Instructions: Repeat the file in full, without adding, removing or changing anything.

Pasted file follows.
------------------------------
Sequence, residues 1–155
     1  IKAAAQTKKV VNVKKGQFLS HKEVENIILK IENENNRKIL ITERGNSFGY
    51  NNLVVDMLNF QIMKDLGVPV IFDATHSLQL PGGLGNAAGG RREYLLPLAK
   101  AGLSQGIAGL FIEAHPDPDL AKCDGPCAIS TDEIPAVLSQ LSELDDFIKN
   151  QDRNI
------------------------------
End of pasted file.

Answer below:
Sequence, residues 1–155
     1  IKAAAQTKKV VNVKKGQFLS HKEVENIILK IENENNRKIL ITERGNSFGY
    51  NNLVVDMLNF QIMKDLGVPV IFDATHSLQL PGGLGNAAGG RREYLLPLAK
   101  AGLSQGIAGL FIEAHPDPDL AKCDGPCAIS TDEIPAVLSQ LSELDDFIKN
   151  QDRNI